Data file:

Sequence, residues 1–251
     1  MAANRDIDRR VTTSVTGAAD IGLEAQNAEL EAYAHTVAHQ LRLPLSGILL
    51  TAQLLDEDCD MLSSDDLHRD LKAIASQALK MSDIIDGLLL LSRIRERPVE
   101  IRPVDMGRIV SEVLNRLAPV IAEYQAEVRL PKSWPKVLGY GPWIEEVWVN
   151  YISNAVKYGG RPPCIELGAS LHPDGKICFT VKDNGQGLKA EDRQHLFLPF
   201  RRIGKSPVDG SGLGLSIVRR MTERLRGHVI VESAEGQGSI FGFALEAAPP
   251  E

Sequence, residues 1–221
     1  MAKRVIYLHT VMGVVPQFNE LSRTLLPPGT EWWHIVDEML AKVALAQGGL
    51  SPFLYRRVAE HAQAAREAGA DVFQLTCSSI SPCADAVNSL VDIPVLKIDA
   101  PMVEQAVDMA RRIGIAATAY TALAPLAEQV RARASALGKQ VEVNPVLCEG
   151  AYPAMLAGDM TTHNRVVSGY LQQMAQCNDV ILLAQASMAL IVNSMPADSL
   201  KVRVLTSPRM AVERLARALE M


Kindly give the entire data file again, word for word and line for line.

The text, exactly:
Sequence, residues 1–251
     1  MAANRDIDRR VTTSVTGAAD IGLEAQNAEL EAYAHTVAHQ LRLPLSGILL
    51  TAQLLDEDCD MLSSDDLHRD LKAIASQALK MSDIIDGLLL LSRIRERPVE
   101  IRPVDMGRIV SEVLNRLAPV IAEYQAEVRL PKSWPKVLGY GPWIEEVWVN
   151  YISNAVKYGG RPPCIELGAS LHPDGKICFT VKDNGQGLKA EDRQHLFLPF
   201  RRIGKSPVDG SGLGLSIVRR MTERLRGHVI VESAEGQGSI FGFALEAAPP
   251  E

Sequence, residues 1–221
     1  MAKRVIYLHT VMGVVPQFNE LSRTLLPPGT EWWHIVDEML AKVALAQGGL
    51  SPFLYRRVAE HAQAAREAGA DVFQLTCSSI SPCADAVNSL VDIPVLKIDA
   101  PMVEQAVDMA RRIGIAATAY TALAPLAEQV RARASALGKQ VEVNPVLCEG
   151  AYPAMLAGDM TTHNRVVSGY LQQMAQCNDV ILLAQASMAL IVNSMPADSL
   201  KVRVLTSPRM AVERLARALE M